If possible, artifacts of semi-tanned leather should be stored flat on shelves, with any creases or sharp angles padded out with unbuffered, acid-free (neutral pH) tissue paper. However, artifacts such as robes and jackets frequently must be hung. If this is necessary, be sure the hangers are well padded; cotton or polyester quilting material covered with unbleached cotton is very useful for this purpose. Wire hangers should not be used because they provide inadequate support and are susceptible to corrosion. Check that the weight of the garment itself or of its applied decoration is not likely to cause tears or stretching over the years - if this appears probable, store the object horizontally (consult CCI Notes 13/2, Flat Storage for Textiles, and CCI Notes 13/5, Hanging Storage for Costumes).

Like any form of leather, these artifacts are subject to mould and insect attack. Make sure that they are not stored in damp or humid areas, and that there is a reasonable amount of air circulation. Most important, however, is to examine the artifacts at least twice a year, more frequently if possible, for signs of attack or deterioration. More information about biological infestation can be obtained from CCI Notes 3/1, Examining for Insect Infestation.


Often, rawhide and semi-tanned leather artifacts are very dirty, and cleaning can improve their appearance. These kinds of artifacts can be cleaned very effectively by first brushing with a medium-soft brush towards a gauze-covered vacuum cleaner nozzle. Before cleaning, check that there is no loose or powdery surface decoration. More stubborn ground-in dirt can often be removed by rubbing with powdered eraser material such as Dandy Rub® Skum-X®, or even warm cornmeal. Great care should be taken to brush off all the remaining eraser powder or cornmeal after use. Stubborn spots and stains, which powdered eraser cannot remove, should be left. Attempting to remove these spots and stains with a cleaning solution such as soap and water will only cause the stain to spread and stiffen, and will mat the wet area.


No attempt should be made to reform or soften stiff, deformed objects of either rawhide or semi-tanned leather, as this can lead to irreversible damage. In particular, leather dressings should never be used on semi-tanned material, as they were designed for use with commercially produced leather products and can ruin semi-tanned goods completely.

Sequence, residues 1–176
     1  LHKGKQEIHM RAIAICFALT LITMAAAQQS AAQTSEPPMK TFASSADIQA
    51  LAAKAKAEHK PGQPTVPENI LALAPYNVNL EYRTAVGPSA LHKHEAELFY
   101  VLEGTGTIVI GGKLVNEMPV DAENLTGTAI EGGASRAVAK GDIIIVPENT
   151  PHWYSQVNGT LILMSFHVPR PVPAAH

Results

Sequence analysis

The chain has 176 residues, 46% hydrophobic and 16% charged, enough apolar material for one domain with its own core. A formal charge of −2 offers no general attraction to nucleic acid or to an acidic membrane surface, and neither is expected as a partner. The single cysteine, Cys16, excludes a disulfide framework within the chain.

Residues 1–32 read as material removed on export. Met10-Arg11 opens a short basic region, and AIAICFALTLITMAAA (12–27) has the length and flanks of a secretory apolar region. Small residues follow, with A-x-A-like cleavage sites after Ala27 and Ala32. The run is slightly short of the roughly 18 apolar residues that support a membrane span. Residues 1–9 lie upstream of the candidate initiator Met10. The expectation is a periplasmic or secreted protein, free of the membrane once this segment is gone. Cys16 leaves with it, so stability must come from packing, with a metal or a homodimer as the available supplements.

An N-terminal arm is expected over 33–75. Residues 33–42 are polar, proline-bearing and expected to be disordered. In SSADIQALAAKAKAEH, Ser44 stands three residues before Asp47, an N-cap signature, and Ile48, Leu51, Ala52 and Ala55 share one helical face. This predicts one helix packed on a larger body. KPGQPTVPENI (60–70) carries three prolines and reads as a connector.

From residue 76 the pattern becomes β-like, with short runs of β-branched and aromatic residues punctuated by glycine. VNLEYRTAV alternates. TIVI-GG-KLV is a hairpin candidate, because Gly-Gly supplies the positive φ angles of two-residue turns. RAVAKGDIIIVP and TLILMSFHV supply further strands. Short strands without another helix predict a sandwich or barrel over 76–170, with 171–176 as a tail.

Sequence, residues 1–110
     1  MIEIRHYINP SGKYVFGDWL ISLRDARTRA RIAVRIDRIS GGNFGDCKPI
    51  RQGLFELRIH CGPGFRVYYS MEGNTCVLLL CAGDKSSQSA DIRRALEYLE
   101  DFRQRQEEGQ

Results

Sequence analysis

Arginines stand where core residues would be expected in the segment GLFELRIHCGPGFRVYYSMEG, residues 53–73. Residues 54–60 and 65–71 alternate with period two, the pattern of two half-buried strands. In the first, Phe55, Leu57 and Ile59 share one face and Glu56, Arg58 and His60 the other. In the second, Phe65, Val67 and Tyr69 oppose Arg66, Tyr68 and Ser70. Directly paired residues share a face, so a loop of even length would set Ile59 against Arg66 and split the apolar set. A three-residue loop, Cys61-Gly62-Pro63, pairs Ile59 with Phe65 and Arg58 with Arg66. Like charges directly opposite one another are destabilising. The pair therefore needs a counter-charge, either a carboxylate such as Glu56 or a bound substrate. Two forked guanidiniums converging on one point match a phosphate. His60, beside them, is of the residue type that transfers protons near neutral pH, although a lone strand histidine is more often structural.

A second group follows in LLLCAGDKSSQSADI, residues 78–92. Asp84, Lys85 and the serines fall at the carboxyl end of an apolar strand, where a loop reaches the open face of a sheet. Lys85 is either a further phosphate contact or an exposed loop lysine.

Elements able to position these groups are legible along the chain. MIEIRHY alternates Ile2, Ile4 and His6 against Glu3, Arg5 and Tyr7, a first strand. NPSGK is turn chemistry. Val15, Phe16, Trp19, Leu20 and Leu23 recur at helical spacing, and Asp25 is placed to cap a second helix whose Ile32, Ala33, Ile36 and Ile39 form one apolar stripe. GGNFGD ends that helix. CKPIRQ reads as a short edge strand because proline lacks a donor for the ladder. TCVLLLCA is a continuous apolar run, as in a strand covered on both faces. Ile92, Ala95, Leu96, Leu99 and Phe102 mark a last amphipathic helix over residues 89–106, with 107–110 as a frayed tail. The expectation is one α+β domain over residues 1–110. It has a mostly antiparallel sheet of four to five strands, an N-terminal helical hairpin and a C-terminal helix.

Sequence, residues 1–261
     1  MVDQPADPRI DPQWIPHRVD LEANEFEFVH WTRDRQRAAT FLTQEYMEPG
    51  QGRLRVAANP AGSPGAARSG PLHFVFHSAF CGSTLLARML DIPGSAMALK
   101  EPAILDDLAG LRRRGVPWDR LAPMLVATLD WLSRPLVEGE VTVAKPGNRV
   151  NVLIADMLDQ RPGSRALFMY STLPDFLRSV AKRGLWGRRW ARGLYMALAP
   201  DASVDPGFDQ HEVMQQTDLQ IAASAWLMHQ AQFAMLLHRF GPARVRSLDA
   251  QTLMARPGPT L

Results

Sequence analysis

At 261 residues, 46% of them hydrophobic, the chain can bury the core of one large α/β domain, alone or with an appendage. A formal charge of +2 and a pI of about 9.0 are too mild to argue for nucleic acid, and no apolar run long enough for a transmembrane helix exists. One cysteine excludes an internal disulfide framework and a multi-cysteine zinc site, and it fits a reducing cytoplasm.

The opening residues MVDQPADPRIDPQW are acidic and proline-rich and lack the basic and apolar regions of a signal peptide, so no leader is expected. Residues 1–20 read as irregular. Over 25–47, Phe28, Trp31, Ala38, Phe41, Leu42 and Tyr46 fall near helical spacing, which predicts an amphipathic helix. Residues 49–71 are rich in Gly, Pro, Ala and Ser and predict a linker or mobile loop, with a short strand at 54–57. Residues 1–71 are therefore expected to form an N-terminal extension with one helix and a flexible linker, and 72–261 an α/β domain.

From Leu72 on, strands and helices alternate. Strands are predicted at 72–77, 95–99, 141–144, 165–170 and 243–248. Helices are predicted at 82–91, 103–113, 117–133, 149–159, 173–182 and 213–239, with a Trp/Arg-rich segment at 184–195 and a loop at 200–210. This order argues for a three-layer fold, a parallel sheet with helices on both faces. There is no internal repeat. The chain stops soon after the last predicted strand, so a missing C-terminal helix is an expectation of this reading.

Splits in stretched hide objects should not be repaired without consulting a conservator. The split allows the object to move in response to changing RH; repair or restraint will only cause additional damage if the RH continues to fluctuate. No attempt should be made to try to bring the edges of a split back together or to back the torn area with another type of material. For advice on severely damaged or dirty hide artifacts, please contact the Ethnology Laboratory at the Canadian Conservation Institute.


Powdered eraser material (Dandy Rub® and Skum-X®)

  • Drafting supply stores, office supply stores

Unbuffered, acid-free (neutral pH) tissue paper

  • Suppliers of conservation products and archival materials, for example,

    9620, route Transcanadienne
    Montréal, Québec

    H4S 1V9
    Telephone: 514-336-4340


    Carr McLean
    461 Horner Avenue
    Toronto, Ontario
    M8W 4X2
    Telephone: 416-252-3371

Cotton quilting material and unbleached cotton

  • Fabric stores; department stores; craft stores


  1. Canadian Conservation Institute. Care of Alum, Vegetable, and Mineral Tanned Leather. CCI Notes 8/2. Ottawa: Canadian Conservation Institute, .

  2. Canadian Conservation Institute. CCI Environmental Monitoring Equipment. CCI Notes 2/4 (retired). Ottawa: Canadian Conservation Institute, 1988.

  3. Canadian Conservation Institute. Examining for Insect Infestation. CCI Notes 3/1. Ottawa: Canadian Conservation Institute, .

  4. Canadian Conservation Institute. Flat Storage for Textiles. CCI Notes 13/2. Ottawa: Canadian Conservation Institute, .

  5. Canadian Conservation Institute. Hanging Storage for Costumes. CCI Notes 13/5. Ottawa: Canadian Conservation Institute, .

  6. Canadian Conservation Institute. Using a Camera to Measure Light Levels. CCI Notes 2/5. Ottawa: Canadian Conservation Institute, .

  7. Guldbeck, Per E. Leather: Its Understanding and Care. Technical Leaflet 1. Nashville: American Association for State and Local History, .

  8. Schneider, R.C. Crafts of the North American Indians: A Craftsman's Manual. New York: Van Nostrand Reinhold Co., .

Copies are also available in French.
Texte également publié en version française.

© Communications Canada,
Cat. Nº NM 95-57/8-4-1988E
ISSN 0714-6221

Page details

Date modified: